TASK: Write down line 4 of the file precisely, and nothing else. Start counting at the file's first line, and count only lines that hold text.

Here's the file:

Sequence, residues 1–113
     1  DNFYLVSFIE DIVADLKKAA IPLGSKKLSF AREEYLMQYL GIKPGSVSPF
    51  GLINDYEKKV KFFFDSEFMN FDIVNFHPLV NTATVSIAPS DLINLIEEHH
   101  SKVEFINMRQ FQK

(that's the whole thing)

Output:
   101  SKVEFINMRQ FQK